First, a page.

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  • Writer's pictureAmy Lewis

So, you say you want to be a manager

I’m in the business of L&D at a technology company. When you work with companies that rely on knowledge workers, offering powerful and relevant learning and development opportunities are critical to keeping employees engaged. I have spent the last two years focused on developing better people managers. You’ve probably heard the adage that people don’t leave companies, they leave managers. Maybe you’ve been one of those people who left because of a horrible boss. And even if you stayed, a Gallop poll showed that the quality of a manager accounts for up to 70% of the variance on employee engagement. It’s no wonder companies spend billions of dollars on manager training every year. And after all that training, all those hours spent practicing coaching and giving feedback, all those templates for better conversations … how much better are we getting at managing people, especially in organizations that value instant results over the long- term project of developing people?

At age 28, I moved to Los Angeles to pursue acting which was a bold move considering I had no real background in acting other than one class in college. 28 is already borderline ancient for an actress in Hollywood. I threw myself into acting classes two to three times a week for five years. As I began to gain some confidence in my understanding of the craft, I ventured out into the world of auditions and acting jobs. I thought I wanted to be an actor, but the reality when I began getting small jobs is that I hated the business side of acting. I liked the art form of acting but spending hours to audition only to book a job, and then spending hours sitting around doing nothing waiting for the 10 minutes I got in front of the camera was not my idea of fun. Getting a paycheck that was barely minimum wage when you added up all the hours that went into it was not my idea of success. The truth is my personality was totally the wrong fit for acting; Patience and the willingness to surrender to the process of being one small part of an artistic collaboration are two critical skills for new actors. I had neither skill and no interest in developing them. What I wanted was to discover the artist within, to know myself better and to celebrate life; I am grateful that I had great teachers and learned this via acting even though I never succeeded in the business.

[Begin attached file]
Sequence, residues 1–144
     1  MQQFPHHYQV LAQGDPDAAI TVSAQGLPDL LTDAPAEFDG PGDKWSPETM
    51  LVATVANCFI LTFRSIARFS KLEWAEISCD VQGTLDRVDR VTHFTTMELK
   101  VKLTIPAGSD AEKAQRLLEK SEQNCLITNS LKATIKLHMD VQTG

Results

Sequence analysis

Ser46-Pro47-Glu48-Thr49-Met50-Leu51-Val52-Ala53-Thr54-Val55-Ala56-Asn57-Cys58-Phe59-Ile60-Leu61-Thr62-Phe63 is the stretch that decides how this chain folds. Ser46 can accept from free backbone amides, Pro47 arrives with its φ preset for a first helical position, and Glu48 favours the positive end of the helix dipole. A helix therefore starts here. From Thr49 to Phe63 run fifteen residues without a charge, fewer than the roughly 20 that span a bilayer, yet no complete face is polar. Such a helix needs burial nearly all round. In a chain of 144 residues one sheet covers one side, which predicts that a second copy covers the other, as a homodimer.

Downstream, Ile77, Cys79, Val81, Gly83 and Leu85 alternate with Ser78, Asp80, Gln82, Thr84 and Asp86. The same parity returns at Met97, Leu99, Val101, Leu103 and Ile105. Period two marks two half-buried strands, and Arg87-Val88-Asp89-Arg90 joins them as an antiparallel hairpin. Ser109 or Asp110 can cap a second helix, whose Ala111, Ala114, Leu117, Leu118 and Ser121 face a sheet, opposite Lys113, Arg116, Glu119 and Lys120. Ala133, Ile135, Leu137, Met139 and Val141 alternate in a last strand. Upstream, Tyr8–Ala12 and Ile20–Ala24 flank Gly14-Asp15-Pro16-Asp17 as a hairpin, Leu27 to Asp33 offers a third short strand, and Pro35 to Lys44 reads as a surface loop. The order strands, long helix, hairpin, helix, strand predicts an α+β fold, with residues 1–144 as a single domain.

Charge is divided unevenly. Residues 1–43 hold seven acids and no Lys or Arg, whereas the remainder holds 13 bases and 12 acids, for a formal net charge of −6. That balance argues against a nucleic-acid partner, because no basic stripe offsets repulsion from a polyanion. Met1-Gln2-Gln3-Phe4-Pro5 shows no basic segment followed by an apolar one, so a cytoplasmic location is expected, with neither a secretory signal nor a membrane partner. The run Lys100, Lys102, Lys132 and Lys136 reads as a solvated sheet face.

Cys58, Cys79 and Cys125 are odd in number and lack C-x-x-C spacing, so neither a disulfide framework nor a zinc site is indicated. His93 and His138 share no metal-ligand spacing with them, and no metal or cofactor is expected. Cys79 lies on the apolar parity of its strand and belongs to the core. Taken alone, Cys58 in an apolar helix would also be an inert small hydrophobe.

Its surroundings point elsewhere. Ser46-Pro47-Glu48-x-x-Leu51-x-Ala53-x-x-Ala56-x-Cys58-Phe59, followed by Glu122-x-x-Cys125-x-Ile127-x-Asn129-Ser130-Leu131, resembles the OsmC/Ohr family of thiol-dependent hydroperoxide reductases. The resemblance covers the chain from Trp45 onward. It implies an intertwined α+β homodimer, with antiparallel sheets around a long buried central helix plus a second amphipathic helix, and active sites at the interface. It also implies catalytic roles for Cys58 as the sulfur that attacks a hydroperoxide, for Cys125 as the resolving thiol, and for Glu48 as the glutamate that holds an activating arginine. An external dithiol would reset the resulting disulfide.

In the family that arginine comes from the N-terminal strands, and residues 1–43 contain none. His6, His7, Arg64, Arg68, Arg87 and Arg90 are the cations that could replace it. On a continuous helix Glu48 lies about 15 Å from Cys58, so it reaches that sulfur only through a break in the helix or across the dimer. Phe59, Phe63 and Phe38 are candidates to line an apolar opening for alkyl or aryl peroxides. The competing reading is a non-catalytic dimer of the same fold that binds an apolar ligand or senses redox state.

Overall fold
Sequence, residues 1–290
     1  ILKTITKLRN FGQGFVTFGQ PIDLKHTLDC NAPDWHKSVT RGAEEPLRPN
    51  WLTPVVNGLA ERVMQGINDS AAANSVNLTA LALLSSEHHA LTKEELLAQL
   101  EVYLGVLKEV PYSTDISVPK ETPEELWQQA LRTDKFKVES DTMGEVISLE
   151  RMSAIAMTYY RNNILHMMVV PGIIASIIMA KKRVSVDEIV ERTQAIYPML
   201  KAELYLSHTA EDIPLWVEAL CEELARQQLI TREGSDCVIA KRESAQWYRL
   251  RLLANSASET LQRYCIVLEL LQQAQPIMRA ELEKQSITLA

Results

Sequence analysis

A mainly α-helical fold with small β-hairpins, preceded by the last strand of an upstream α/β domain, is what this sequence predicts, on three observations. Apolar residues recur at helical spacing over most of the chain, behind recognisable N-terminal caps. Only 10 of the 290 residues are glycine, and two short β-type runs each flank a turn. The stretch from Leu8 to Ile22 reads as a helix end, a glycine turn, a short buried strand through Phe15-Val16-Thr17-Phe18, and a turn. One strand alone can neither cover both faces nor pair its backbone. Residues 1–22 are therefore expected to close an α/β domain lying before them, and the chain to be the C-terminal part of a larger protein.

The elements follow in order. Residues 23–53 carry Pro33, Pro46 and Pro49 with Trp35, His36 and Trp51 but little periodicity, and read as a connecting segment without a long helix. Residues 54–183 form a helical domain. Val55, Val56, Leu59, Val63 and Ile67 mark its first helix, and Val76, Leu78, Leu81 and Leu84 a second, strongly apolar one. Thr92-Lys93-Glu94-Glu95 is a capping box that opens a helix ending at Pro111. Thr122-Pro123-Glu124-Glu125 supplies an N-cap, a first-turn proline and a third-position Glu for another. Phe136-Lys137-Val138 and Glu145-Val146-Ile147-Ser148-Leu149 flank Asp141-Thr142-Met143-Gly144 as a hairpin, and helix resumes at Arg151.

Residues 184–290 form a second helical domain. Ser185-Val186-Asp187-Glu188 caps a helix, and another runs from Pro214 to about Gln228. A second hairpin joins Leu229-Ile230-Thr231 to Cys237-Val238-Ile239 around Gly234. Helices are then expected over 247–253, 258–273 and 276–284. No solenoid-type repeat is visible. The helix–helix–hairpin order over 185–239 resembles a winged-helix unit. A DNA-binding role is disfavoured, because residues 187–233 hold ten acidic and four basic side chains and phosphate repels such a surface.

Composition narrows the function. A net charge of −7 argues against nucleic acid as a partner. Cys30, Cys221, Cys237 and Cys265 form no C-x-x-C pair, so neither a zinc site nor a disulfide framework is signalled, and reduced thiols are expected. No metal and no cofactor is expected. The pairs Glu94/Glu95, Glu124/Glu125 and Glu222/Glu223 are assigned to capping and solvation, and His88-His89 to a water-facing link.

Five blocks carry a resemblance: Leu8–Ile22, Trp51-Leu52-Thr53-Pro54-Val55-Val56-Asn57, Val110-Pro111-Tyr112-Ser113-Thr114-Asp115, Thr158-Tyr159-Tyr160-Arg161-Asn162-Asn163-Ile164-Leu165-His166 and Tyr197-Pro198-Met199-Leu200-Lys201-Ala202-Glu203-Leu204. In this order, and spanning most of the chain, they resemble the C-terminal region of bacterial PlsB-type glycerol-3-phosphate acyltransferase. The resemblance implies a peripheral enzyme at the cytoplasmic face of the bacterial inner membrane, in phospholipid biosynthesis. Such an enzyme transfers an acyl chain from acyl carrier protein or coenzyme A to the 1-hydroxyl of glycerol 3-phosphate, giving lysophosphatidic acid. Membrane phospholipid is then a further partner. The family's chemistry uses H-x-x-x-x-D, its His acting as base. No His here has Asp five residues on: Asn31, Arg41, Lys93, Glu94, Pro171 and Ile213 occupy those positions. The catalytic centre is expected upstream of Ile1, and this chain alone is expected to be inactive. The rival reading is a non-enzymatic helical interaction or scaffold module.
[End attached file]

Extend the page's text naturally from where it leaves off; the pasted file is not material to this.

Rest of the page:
My point in sharing my Hollywood side trip is that I think the same thing happens in the corporate world with management. People think they want to be a manager but don’t always know what they are getting into. Do you love people – like genuinely care as much about their development as your own? Are you happily willing to give credit to your direct reports rather than taking credit for yourself? When you’re exhausted, are you still willing to be 100% present and available to show up as a leader? Are you willing to trust them to do the work instead of doing it all yourself? Are you willing to get to know their unique strengths and growth areas so intimately you know them better than they know themselves? That is the job of the modern-day people manager tasked with developing, engaging and unleashing the power of their people. I know some people are up to this challenge, but not everyone is a fit and no amount of training will change that.

I think sometimes people say they want to be a manager because it is the only real option for becoming a recognized leader at companies. People management is the first tier of leadership roles in most organizations. And I absolutely believe most people crave expanding and expressing their leadership. My theory is we need to find more opportunities for people to be recognized leaders outside of management and make sure those in people manager roles truly understand and accept the responsibility entrusted to them.

I’d love to hear your thoughts on the subject.

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